Kind Regards jo

    • Hi Jo,
      Sure! Here is a post explaining the mechanics of UTI:
      How UTIs happen
      …Basically
      1) Bacteria E. coli is a part of normal bacterial flora in our intestines and rectum and is always found in human poop.
      2) It is easy for E. coli to travel to your vagina opening and from there, especially during sex-play, to your urethra. This is normally how it spreads, that’s why a UTI after sex is such a common thing.
      3) E. coli normally cannot survive in the healthy vagina for too long (too acidic for its taste), but it feels perfectly fine residing in the urethra and bladder. You, on the other hand, get all the nasty symptoms of UTI if E. coli is colonizing your urethra or bladder
      So by supporting a healthy vaginal flora you get rid of the bacteria while it is mid-way towards your urethra. This is the reason #1.
      The reason #2 is that your bladder has it’s own microbiome that supports healthy balance and prevents E. coli from reproducing. A bit more on this topic is in my recent post here
      However, most of the probiotics are targeting the reason #1 since the strains responsible for a healthy vaginal flora are more researched than the microbiome of bladder.

  2. Hi,

    What is the correct daily maintenance dose and with how much water? If you take 1 teaspoon of D mannose before bed with about 20ml of water so that it is highly concentrated, is that okay? And then flush it out with the first urination the next morning. Do you need to take it with more water before bed so that it fills the whole bladder and reaches all parts of the bladder or is just 20ml of water enough? Thanks.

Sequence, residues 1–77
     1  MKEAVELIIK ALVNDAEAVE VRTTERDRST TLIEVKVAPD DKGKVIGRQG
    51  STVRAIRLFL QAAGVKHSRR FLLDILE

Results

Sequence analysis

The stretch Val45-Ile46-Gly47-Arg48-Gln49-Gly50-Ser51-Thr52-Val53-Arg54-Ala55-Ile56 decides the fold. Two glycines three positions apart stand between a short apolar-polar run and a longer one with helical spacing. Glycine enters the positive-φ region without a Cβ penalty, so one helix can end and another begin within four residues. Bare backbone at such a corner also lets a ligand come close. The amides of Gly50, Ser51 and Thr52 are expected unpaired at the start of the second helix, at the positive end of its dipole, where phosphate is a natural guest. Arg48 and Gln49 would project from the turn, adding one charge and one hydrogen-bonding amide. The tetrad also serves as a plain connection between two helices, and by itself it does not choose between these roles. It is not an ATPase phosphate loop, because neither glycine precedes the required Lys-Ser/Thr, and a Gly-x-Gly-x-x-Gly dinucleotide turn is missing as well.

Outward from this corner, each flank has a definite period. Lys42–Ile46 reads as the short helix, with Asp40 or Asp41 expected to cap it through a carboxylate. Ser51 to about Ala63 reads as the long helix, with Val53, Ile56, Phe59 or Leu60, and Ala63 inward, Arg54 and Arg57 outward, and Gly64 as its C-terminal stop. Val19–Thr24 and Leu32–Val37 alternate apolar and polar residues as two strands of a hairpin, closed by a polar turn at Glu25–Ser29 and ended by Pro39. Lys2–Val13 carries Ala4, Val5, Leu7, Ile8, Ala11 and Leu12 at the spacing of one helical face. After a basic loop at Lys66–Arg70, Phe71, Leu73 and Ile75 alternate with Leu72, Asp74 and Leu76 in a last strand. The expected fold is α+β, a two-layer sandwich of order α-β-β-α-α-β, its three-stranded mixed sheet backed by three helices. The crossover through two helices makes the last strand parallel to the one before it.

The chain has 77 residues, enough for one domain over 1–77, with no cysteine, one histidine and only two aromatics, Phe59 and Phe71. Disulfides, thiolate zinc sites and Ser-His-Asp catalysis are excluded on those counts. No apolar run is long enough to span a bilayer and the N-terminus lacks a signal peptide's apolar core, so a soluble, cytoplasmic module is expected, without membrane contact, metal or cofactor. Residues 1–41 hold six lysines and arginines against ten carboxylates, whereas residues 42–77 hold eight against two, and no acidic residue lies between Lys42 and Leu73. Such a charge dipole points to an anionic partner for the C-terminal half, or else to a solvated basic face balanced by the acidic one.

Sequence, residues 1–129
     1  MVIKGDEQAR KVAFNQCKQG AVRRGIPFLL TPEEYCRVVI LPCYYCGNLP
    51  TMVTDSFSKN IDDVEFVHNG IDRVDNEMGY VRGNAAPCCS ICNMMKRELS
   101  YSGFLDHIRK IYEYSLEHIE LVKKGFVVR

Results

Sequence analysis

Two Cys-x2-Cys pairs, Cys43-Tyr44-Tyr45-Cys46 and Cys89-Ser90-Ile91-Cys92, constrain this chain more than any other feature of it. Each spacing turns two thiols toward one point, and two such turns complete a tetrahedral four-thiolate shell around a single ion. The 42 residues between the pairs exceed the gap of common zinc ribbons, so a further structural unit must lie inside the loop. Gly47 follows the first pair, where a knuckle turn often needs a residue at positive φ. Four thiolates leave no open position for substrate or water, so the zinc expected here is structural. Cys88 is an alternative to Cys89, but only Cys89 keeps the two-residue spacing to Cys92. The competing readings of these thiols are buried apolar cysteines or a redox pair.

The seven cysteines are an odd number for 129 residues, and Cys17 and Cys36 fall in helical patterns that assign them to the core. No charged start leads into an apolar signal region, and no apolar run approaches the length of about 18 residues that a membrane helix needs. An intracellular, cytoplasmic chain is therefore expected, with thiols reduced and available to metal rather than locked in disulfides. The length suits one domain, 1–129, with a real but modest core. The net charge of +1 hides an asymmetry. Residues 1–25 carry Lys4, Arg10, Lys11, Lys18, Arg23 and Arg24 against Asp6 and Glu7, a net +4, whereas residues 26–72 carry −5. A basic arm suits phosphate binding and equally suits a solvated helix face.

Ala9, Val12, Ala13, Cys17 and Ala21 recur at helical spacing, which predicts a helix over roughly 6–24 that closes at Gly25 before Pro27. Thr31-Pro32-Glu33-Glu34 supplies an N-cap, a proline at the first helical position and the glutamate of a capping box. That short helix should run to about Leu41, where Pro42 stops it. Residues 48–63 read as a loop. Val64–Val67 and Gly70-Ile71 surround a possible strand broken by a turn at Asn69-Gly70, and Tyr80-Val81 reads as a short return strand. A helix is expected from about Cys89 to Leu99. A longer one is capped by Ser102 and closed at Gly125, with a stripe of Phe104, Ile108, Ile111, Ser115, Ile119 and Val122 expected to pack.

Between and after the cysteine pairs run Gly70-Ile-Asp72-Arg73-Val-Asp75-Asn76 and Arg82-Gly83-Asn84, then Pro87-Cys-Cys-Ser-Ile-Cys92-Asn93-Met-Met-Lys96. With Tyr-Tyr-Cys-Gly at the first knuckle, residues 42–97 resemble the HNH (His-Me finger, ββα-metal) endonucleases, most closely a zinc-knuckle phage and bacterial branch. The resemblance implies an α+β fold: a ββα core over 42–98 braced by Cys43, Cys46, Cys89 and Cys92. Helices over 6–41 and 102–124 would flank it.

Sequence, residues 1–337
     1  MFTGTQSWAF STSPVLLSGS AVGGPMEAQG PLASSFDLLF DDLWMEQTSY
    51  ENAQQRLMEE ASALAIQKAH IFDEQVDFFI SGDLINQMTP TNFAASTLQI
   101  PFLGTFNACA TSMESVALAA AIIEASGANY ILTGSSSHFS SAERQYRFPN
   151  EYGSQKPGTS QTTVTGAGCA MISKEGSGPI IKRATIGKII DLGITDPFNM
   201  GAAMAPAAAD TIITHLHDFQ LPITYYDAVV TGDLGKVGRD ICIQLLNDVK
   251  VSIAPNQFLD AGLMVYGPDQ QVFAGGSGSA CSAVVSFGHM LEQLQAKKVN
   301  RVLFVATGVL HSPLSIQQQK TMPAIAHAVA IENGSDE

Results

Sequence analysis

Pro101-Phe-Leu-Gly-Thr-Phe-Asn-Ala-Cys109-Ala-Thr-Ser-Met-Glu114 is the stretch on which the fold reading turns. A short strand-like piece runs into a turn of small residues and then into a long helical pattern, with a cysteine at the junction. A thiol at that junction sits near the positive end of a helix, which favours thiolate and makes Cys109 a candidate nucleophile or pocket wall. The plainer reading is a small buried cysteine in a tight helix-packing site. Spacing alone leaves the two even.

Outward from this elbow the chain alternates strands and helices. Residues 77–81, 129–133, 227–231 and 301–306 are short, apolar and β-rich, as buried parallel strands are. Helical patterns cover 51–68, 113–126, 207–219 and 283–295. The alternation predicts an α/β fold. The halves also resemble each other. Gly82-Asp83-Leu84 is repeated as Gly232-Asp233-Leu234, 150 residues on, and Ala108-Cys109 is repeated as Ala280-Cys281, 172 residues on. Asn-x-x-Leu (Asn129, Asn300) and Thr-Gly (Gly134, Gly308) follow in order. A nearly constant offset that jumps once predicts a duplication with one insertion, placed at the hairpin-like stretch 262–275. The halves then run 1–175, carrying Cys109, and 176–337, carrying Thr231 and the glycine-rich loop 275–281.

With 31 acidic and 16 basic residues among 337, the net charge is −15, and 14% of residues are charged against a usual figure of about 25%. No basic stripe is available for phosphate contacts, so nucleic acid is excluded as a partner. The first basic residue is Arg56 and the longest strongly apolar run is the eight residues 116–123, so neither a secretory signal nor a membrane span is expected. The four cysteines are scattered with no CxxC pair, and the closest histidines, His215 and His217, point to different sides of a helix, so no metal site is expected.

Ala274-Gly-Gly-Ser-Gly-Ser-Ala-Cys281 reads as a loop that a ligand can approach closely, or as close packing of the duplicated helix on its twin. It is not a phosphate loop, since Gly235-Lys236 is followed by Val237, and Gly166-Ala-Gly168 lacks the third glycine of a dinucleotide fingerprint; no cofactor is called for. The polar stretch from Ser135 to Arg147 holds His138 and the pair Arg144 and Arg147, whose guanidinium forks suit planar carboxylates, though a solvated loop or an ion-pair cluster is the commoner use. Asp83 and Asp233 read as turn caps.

• Hi Sam,
      Thank you for asking! Actually, just last week I asked a physician if the amount of water matters and he thought the amount of water would not matter (contrary to what I have wrote and read myself before). His comment was that D-Mannose taken by mouth has to pass through the liver before it is expelled with urine, therefore the amount of D-Mannose in your urine would mainly depend on your metabolic processes rather than amount of water. However, if your drink A LOT of water right away then you are obviously diluting your urine. I personally take it in a half glass of water and it seem to be working so far. Maybe try that? 20 ml of water sounds too little, probably wouldn’t be enough to even dissolve the powder. Bottom line, one glass or half a glass should not really matter.
      Best wishes,